Women across the country were not being listened to.
Here’s how we ensured their voices were heard.
Cheil London launched #WEcount in March 2016 on behalf of The Women’s Equality Party. Beginning with a short film featuring the inspirational story of a rape survivor, Pavan Amara, we issued a rallying cry to women across the country to write the postcode of a place where they had experienced sexual assault on their hand and share it via social media with the hashtag #WEcount. This simple, physical act created a platform where shared experiences could be discussed openly. We then built a custom Google map and invited women to anonymously mark the locations of their sexual assault anywhere in the country. Once dropped, the pin changed into an exclamation mark and revealed the pins of others in the surrounding area. The final stage was to reclaim the streets for real; first through a call-to-action billboard located at London’s busiest shopping centre. Then, via a series of real-world markers that, when scanned on a mobile device, turned sites of sexual violence into an augmented reality resource where users could explore survivors’ stories and ‘reclaim the streets’ via geo-targeted tweets.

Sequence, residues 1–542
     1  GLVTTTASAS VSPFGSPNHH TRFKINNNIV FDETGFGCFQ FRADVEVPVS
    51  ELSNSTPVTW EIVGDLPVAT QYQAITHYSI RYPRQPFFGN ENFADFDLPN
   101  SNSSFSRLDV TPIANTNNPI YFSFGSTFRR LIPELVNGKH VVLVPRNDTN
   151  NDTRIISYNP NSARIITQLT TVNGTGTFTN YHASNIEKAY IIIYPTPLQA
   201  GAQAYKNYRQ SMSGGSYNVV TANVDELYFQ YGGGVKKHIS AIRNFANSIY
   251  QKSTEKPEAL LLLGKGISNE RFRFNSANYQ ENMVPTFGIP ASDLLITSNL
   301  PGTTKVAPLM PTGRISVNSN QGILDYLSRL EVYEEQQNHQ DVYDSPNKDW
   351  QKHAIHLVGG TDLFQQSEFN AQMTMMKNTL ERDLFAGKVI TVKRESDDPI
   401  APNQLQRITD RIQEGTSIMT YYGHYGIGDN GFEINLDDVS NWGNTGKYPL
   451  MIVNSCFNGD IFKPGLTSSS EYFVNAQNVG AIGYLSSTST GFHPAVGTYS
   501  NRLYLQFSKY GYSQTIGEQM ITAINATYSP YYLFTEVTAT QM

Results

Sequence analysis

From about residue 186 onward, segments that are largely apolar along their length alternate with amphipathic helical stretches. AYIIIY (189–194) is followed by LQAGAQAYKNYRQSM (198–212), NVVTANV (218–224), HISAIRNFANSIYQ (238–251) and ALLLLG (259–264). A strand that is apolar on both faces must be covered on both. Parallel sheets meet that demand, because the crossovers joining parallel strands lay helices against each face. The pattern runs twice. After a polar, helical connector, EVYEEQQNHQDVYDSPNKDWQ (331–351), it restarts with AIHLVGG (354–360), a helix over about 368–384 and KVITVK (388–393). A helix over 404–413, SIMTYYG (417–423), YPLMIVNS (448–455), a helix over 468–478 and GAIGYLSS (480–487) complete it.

Since #WEcount launched, women from all over the UK (and beyond) have made their mark on the #WEcount interactive map – with as many as 130 pins being placed a day and over 900,000 visits since going live. Every pin is the beginning of another woman’s story – possibly one that hasn’t been heard before – and is helping to break down social taboos around sexual violence. The interactive exclamation point markers have become a symbol of solidarity, empowering even more women to speak out against their attackers and have their voice heard. On social media, the response was instant and powerful with #WEcount trending within hours of launch. Tackling the issue in this way caught the interest of major media outlets, with coverage from The Huffington Post to Forbes magazine.
The main objective of the campaign was to raise awareness of this serious issue and the WEP’s associated policies; not only with women, but also within the wider voting population. In total, we have reached over 3 million people so far and helped the Women’s Equality Party receive over 350,000 votes in their first London mayoral election.